In the interior of the dun there are ruined foundations of a number of rectangular buildings of drystone construction, the two that are best preserved being separated from each other by a narrow passage about 1.5m wide. The smaller, measuring about 8m by 4.7m over walls 0.6m in average thickness, lies wholly within the dun; the larger however, measuring about 11m by 5.3m, appears to overlie, or possibly reuse, the inner line of the dun wall on the E, and it is probable, as mentioned earlier, that it was the construction of a third, but even smaller, building to the S of the first that necessitated the reconstruction of the dun wall in that sector. Outside the N gable of the largest building there are the lowest of two treads of a flight of stone steps, but whether these gave access to a reused wall-head, or simply led over the tumbled wall-debris of the abandoned dun, cannot be determined. The much more severely ruined foundations of a fourth rectangular stone building lie immediately to the NE of the N entrance of the outwork, while the outline of another may just be discerned within the angle of the outer wall on the SW.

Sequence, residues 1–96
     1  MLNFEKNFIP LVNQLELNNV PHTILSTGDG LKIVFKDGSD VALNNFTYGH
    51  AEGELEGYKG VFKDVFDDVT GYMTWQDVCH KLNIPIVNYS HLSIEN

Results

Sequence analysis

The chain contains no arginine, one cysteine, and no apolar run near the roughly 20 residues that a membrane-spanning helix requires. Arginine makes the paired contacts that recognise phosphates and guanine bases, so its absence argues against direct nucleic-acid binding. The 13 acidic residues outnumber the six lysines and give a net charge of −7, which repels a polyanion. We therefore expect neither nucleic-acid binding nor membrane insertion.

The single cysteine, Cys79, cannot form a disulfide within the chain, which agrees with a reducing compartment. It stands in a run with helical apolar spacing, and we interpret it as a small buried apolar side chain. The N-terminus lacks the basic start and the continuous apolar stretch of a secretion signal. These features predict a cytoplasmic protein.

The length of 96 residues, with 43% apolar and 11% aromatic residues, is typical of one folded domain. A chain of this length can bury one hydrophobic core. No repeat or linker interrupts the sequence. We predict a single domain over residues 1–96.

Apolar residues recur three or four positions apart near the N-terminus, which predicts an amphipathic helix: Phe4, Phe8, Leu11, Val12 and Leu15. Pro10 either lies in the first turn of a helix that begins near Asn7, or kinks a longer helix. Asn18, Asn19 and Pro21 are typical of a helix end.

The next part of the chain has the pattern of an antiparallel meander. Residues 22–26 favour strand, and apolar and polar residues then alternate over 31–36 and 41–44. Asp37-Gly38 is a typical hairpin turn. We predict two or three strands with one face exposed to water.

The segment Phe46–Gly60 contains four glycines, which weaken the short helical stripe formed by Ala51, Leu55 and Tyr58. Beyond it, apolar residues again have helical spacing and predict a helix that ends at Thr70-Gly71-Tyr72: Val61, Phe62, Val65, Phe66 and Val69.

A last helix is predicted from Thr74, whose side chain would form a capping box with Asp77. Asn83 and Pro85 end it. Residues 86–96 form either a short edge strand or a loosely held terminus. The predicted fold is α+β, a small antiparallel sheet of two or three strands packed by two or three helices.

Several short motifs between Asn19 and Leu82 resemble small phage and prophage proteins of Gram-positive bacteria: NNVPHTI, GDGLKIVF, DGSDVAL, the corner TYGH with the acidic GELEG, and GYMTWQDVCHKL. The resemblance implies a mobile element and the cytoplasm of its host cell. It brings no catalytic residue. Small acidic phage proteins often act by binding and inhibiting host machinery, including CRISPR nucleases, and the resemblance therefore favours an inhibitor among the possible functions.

For a distance of about 60m the shoreline below the defensive work has been revetted with boulders to form a rudimentary wharf, from which three roughly built jetties project; at its S end there is a small boulder-faced recess resembling a boat-noost. It seems probable that these coastal works were broadly contemporary with the rectangular buildings within the dun.

Visited May 1982

RCAHMS 1988

Field Visit (August 1994)

Dun Mhuirich NR 7228 8441 NR 78 SW 03 Fort The outer walls of Dun Mhuirich, up to 2.74m thick stand 1.52 to 1.83m high. The north entrance leads to a terrace and thence to a citadel in which is fitted two rectangular houses, the largest 12.2m long. There is also an entrance to the south.